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Hospitals in Ontario improve care with nuclear medicine scanners

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Hospitals in Ontario improve care with nuclear medicine scanners

 Peterborough's Dr. Paul Wilson, Nancy Cafik and Brad Plain with the new BrightView XCT.
Peterborough's Dr. Paul Wilson, Nancy Cafik and Brad Plain with the new BrightView XCT.

 

The Peterborough Regional Health Centre has become one of the first hospitals in Canada to acquire a new hybrid technology from Philips - the BrightView XCT system. The next-generation imaging system, which integrates a BrightView co-planar SPECT with flat-panel CT technology, promises to join the sensitivity of nuclear medicine with CT scanning's ability to pinpoint the anatomic location of a problem.

 

"What nuclear medicine has traditionally provided us with is an extremely sensitive modality for imaging, but one with relatively low specificity for what we are doing," said Dr. Paul Wilson, chief of diagnostic imaging as well as a general radiologist at the Peterborough facility. "What the CT SPECT really does is to introduce that anatomic element. Overlapping the CT image is a way to improve the spatial resolution of the test that we are doing, so we can increase the specificity of what we are looking at."

 

In a community hospital setting like in Peterborough, the new system has proven invaluable in situations such as bone scans of elderly patients.

 

Peterborough Regional Health Centre is also using the system to merge off-site CT images with nuclear medicine scans taken with the Philips machine. "We have the ability to be able to go back using a regular diagnostic CT - not the CT SPECT - and overlay the nuclear medicine images to get the same information," said Dr. Wilson. "That is more of a software component of what this introduces, but that is a great thing to be able to do as a troubleshooting tool."

 

Because the Peterborough centre does "not do a huge amount of more complex nuclear medicine cases, for us we are finding it mainly useful for bone scans and sometimes for therapy planning, particularly for people with chronic pain. Basically, anywhere where anatomy and localization of whatever tracer we are using in the nuclear medicine department, whatever disease we are looking for where localization and anatomic placement of the problem becomes problematic or difficult to determine, this is going to prove to be useful."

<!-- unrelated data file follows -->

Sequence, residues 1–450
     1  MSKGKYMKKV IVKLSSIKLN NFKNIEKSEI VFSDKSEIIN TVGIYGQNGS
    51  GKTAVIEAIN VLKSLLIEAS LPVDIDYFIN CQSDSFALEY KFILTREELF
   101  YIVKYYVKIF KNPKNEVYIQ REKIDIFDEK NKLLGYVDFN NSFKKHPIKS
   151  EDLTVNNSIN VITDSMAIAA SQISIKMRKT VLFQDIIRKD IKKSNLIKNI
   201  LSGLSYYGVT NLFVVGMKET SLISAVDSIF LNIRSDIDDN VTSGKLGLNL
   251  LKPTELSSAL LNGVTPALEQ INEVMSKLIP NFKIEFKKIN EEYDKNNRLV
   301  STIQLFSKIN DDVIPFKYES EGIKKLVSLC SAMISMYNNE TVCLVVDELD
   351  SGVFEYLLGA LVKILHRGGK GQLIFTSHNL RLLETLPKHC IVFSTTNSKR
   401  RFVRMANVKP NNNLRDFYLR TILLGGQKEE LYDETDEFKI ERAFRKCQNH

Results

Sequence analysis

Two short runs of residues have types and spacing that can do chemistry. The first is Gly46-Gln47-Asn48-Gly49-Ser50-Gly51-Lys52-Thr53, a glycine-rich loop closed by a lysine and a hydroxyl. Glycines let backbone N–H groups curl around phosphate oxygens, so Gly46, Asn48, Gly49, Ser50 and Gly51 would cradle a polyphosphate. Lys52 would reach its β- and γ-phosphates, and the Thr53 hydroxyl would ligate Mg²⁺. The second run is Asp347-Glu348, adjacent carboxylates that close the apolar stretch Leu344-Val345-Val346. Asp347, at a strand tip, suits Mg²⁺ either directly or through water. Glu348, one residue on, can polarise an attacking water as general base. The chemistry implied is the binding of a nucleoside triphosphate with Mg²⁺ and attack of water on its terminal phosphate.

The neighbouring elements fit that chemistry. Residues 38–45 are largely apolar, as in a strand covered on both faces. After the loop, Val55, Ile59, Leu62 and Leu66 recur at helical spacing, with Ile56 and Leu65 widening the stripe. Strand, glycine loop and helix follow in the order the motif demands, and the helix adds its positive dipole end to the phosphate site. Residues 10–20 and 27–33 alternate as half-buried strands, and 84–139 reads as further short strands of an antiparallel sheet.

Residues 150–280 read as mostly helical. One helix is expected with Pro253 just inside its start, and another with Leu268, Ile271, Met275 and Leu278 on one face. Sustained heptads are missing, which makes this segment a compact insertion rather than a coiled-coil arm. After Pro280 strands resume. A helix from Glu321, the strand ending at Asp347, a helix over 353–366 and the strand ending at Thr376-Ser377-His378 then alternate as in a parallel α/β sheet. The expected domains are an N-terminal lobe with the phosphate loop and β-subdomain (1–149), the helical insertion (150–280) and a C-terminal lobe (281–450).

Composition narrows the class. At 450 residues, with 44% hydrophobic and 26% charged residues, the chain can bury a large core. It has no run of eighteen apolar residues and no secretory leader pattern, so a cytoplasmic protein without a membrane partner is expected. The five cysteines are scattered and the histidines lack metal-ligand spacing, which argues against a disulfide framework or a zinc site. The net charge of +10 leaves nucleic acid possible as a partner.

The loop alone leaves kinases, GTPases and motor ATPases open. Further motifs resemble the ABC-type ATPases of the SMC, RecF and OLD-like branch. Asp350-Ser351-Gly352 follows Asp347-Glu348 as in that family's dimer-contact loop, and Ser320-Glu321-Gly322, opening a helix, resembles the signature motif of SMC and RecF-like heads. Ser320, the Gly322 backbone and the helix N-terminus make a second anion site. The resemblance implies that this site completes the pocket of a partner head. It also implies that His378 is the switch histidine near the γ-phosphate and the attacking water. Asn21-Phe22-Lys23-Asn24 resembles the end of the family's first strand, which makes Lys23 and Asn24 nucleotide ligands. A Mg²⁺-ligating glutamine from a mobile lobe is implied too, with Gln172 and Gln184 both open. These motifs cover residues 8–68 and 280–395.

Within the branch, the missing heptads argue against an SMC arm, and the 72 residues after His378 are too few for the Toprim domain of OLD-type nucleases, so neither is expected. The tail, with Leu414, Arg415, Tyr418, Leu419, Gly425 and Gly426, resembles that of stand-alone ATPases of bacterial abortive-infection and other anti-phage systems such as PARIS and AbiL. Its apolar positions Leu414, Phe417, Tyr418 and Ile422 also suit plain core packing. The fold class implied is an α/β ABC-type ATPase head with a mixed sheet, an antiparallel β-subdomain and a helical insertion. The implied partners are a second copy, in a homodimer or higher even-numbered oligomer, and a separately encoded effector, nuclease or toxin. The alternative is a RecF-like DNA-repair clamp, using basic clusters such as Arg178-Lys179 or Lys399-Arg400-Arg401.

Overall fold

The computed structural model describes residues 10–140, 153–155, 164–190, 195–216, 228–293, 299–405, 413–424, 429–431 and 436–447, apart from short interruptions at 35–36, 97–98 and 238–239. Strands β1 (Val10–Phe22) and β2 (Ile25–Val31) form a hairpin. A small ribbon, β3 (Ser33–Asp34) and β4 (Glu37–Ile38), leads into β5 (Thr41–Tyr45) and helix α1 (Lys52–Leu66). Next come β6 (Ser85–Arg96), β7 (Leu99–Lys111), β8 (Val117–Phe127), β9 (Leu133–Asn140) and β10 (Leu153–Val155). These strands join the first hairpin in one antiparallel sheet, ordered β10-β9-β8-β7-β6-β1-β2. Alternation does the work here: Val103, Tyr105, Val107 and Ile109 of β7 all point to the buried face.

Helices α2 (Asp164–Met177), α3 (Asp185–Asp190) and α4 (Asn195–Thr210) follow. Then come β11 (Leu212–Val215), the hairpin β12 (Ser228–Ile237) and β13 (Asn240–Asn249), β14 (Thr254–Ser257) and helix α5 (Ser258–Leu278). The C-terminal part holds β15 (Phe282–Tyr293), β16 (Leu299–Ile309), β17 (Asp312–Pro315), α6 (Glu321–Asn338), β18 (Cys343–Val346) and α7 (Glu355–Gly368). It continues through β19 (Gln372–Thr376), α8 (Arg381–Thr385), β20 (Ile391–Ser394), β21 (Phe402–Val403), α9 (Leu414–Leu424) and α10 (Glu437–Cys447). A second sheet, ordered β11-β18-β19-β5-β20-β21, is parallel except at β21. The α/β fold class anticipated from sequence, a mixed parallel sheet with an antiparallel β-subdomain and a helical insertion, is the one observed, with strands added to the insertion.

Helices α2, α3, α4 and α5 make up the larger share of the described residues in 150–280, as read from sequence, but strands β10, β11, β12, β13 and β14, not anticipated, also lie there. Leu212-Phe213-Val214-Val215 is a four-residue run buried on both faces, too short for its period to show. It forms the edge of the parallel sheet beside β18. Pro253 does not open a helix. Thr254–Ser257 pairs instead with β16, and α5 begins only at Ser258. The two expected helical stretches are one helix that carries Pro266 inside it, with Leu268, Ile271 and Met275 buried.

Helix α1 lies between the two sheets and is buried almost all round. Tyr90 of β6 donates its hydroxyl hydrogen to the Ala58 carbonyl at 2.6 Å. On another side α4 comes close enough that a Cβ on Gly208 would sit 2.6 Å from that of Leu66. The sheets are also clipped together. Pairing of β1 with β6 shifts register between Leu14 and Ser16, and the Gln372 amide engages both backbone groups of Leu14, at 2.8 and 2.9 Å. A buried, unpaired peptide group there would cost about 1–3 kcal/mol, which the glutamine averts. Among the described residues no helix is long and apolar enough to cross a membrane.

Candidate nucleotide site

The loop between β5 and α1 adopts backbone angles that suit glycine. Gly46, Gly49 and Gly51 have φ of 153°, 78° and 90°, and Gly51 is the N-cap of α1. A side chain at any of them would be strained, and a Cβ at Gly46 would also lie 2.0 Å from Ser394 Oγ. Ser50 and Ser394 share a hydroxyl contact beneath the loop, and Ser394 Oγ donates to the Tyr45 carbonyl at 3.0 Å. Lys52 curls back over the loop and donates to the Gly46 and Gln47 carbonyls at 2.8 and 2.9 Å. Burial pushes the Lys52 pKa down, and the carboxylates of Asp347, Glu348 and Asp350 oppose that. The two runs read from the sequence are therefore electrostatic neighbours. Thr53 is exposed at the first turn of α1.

To a degree, the Peterborough facility has felt the effects of the current radioisotope shortage, specifically the supply of technetium, which has put constraints on workflow in nuclear medicine. "It hasn't affected the volume that we are able to do, what it does affect is what days of the week we can do certain studies and it doesn't give us as much leeway for doing emergencies," commented Dr. Wilson.

 

The nuclear medicine component of the Philips BrightView system has also been installed recently in the Headwaters Health Care Centre in Orangeville, Ont. as part of that facility's ongoing effort to broaden its diagnostic capabilities. "Formerly the patients had to leave the hospital to get nuclear medicine studies," said Headwaters' CEO Cholly Boland. "That piece of information then had to be incorporated into the patient record and was an inconvenience for the patient. Now we have, for want of a better term, one-stop shopping for diagnostic imaging services."

 

The Philips system also presented Headwaters with a compelling business case: it no longer bears the transportation costs to ship patients to other facilities for nuclear medicine tests and "it does generate a certain amount of revenue through OHIP to the hospital which is helping to pay for the service," said Boland. Having a suite of scans available under one roof has also cut wait times significantly in cases where patients require a combination of tests.

 

Headwaters, which has been conducting an average of eight nuclear medicine scans daily since mid-Septmember, is mainly using the system for cardiac studies with a lesser number of bone and thyroid scans, said Scott Edmonstone, the hospital's diagnostic imaging manager. "The bone scans are primarily for determining the levels of cancer. With the cardiac scans it is an indication that they need to go for a more involved study."

 

The addition of the Philips scanner only adds to Headwaters' impressive status within the province. "We have the shortest public wait times not only for our DI modalities but our surgery and ER in Ontario, and probably the highest patient satisfaction in Ontario."



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